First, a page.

An observational cross sectional study was conducted at the immunization clinic of Rural Health Training Centre (RHTC), Najafgarh, which is a field practice area of the Department of Community Medicine, Vardhman Mahavir Medical College and Safdarjung Hospital, New Delhi. The study was done between January and March 2014. The study composed two stage evaluation, a passive observation and a time and motion study.

2.2. Study Participants

The study participants included mothers/caregivers attending immunization clinic with their children. The registration records present at the immunization clinic for the last two years were reviewed and the average daily registration including both the old and new cases were found to be 70 in number. Every fifth mother/caregiver registering in the immunization clinic on the day of study was selected by systemic random sampling method. Considering the average number of working days in a month to be 20, the minimum sample size to be achieved was fixed at 840. Finally, 863 study participants were included in the study. Informed written consent was obtained from each mother/caregiver included in the study.

2.3. Data Collection
2.3.1. Stage 1 (Passive Observation)

We spent one week initially passively observing the immunization clinic to become familiar with the specific core immunization tasks that each staff member is responsible for. At the end of stage 1, we found that the staffs present in the immunization clinic were involved in following core functions.(1)Registration of new and old cases (collecting demographic information like name, sex, date of birth, address, etc.).(2)Nutritional assessment of under-5 children (recording weight, length/height, plotting in growth chart, etc.) and medical history review.(3)Giving nutritional advice and health education about preventing common childhood illnesses.(4)Vaccine administration and record keeping regarding vaccination (vaccine, dosage, dose number, site of vaccination, etc.).(5)Post vaccination advice (regarding common side-effects of vaccine and when to seek medical attention).

2.3.2. Stage 2 (Time and Motion Study)

Predesigned and pretested schedules were used to record time and other information and presynchronized stop watches were used to record total time taken for each of the above mentioned activities. Based on the layout of the immunization centre, we selected an unobtrusive location to observe the staff member close enough to the interaction to see and/or hear it take place to record its duration but we stayed at a great enough distance to not interfere with the process. Start and end times were based on both visual and verbal cues. For example, the “start time” of an observation may have been the initial registration-related task for a new client (i.e., began a new data form, engaged the client in related conversation). “End time” was defined as the point when a staff member had completed all tasks associated with that particular activity.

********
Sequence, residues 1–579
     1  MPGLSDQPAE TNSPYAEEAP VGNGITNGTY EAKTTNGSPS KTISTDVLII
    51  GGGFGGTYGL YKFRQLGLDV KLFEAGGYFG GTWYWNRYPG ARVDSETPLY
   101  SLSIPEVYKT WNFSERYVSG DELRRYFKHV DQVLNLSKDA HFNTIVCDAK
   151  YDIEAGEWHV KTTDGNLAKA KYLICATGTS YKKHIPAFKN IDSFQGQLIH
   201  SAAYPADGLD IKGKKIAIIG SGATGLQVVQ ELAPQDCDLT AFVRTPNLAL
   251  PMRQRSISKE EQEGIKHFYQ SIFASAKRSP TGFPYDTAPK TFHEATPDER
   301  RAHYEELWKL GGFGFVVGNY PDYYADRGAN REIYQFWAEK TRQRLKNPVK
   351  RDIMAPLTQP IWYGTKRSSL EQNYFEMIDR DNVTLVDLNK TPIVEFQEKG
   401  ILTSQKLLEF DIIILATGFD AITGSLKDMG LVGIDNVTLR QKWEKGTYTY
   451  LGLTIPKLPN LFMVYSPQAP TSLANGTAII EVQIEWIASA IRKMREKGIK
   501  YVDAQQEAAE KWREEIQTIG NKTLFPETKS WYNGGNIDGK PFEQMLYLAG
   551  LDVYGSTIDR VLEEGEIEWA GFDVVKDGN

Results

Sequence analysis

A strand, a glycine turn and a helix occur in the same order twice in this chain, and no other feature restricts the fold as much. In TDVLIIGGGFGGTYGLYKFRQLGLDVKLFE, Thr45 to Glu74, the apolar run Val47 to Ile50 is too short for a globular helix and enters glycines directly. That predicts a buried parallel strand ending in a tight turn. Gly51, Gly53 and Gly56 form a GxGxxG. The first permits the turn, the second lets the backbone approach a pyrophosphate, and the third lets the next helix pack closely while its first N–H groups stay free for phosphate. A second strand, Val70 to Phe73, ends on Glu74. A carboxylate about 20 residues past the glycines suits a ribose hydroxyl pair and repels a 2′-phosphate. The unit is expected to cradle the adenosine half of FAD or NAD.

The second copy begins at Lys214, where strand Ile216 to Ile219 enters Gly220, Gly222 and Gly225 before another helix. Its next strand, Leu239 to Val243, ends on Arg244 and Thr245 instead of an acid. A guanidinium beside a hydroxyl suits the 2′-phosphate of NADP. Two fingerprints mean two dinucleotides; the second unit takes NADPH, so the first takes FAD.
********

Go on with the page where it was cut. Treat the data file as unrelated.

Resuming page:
2.4. Data Analysis

Statistical analysis was done using SPSS version 21. The variables used in the analysis were waiting time at different service delivery points, service delivery time at different activity points, time taken for nutritional assessment, nutritional advice, vaccine administration, and postvaccination advice. The time has been expressed as mean and standard deviation. Trimmed mean (5% of values at both extremes were trimmed) was used in certain places as data was very much skewed leading to large standard deviations. The mean observation time per task was calculated and average times were compared using analysis of variances unpaired t-test.

3. Results

Out of 863 study subjects, 115 came for the first time to the immunization clinic while 648 were old cases. Each study participant on an average had spent seconds in immunization clinic. The average total waiting time was seconds while the average total service delivery time received by each study participant was seconds. The average waiting time at different service delivery points is given in Table 1.

tab1
Table 1: Waiting time at different service delivery points ().

Table 1 shows the waiting time at different service delivery points. The study participants had spent 64.1% of their time at immunization clinic in waiting to get the service. Most of the total waiting time was spent in initial registration (50.3%) followed by health education (19.8%). The waiting time spent for vaccine administration and post vaccination advice were 11.6% and 11.1% of the total waiting time, respectively.

Table 2 shows the service delivery time at different activity points. The mean time taken during initial registration was 181.3 seconds and it constitutes 19.3% of the total activity time. The mean time taken for registering new cases was longer ( seconds) when compared with the average time taken for registering old cases ( seconds) and the difference was found to be statistically significant (P value = 0.000).

tab2
Table 2: Service delivery time at different activity points ().

The mean time for nutritional assessment was 155.8 seconds and it took 16.6% of the total activity time. Mothers/caregivers of children spent most of their time in health education and vaccine administration which constituted 21.9% and 25.9% of the activity time, respectively. The mean time spent in postvaccination advice was 152.7 seconds. The time taken for giving post vaccination advice for new cases was longer ( seconds) when compared with old cases ( seconds) and the difference was found to be statistically significant (P value = 0.000).

When service delivery time was compared with the day of visit, it was found that the maximum time for initial registration was on Monday (204.2 seconds). Tuesday took maximum time for nutritional assessment (168.9 seconds) and postvaccination advice (150.4 seconds). Friday took maximum time for giving health education (211.8 seconds) while Thursday and Monday took almost equal time for administering vaccines (Table 3).